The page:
Wakefield residents fed up with flotillas of drunk, littering visitors on river
People have been leaving inflatable pool toys, beer cans on shoreline
Residents of Wakefield, Que., are increasingly fed up with visitors floating down the Gatineau River drunk and leaving garbage in their wake.
Andrée Grand-Maître said she estimates that as many as 100 people floated down the river during the August long weekend, leaving a trail of beer cans and inflatable pool toys behind them.
"We recognize that some people are very responsible — it's not everyone. But it is at an increasing rate that we are having to clean up the shores of our river," she told CBC Radio's Ottawa Morning in a recent interview.
Grand-Maître suspects people are being blown off their intended courses and deciding to leave their trash behind instead of carrying it further with them.
Rita Jain, president of the non-profit group Friends of the Gatineau River, said she's concerned about wildlife being affected by cheap, plastic inflatable toys being left on the shoreline.
"I guess the price [of inflatable toys] is getting cheaper and they're being treated as disposable," Jain said.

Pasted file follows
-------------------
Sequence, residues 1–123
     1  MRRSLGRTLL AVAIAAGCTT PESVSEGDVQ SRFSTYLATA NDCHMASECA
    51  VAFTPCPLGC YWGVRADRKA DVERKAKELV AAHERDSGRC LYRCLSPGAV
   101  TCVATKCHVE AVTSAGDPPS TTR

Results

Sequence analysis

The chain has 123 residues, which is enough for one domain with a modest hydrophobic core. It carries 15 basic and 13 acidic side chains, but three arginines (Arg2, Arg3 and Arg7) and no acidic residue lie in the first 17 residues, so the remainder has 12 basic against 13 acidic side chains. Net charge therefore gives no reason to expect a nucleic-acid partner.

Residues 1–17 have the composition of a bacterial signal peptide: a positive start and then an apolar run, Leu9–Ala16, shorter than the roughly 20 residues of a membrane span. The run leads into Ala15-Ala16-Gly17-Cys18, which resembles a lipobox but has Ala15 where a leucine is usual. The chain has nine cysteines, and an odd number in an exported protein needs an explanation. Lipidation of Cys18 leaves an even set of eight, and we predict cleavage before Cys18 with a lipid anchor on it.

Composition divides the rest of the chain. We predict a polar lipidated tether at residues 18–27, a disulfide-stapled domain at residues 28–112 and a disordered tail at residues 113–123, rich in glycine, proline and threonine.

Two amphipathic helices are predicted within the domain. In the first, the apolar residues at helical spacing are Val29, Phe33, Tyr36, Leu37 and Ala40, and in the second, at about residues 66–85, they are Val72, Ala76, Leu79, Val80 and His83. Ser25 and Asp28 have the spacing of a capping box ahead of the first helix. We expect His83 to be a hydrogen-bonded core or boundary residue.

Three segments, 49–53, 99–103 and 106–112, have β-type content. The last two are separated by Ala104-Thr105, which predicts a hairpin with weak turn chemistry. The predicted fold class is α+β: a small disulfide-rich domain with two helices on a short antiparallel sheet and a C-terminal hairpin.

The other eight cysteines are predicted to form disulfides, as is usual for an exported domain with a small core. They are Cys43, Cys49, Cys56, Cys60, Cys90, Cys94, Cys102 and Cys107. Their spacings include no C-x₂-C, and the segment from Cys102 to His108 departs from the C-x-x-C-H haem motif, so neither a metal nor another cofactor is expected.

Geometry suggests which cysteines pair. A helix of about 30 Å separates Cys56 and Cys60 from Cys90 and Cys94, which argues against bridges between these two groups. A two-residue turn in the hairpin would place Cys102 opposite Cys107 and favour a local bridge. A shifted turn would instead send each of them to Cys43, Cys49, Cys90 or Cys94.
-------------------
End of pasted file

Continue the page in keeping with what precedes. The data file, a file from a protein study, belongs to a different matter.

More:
The Gatineau River near Wakefield appeared in a list on the Red Bull website of the "top five places to float this summer," touting Gatineau Park and the Wakefield Bridge as worthy sights to see while floating.
"Upon reaching the infamous Wakefield Bridge, known by the locals to be the optimal summer chill spot, disembark and enjoy a couple cold ones in the town of Wakefield," the site reads.
More than litter
If Wakefield had more public access docks with garbage cans and safety notices, Jain said they might be able to avoid most of the issues.
"The fact is we don't have the infrastructure," Jain said.
But the problem doesn't stop with the litter, according to Grand-Maître.
Floaters often end up trespassing and are illegally parking on the side of rural roads.
"Often those [roads] are to allow emergency vehicles through," she said.
Both Grand-Maître and Jain said they want to find a long-term solution, but in the meantime they're asking anyone who sees illegal activity to call the police.
With files from CBC Radio's Ottawa Morning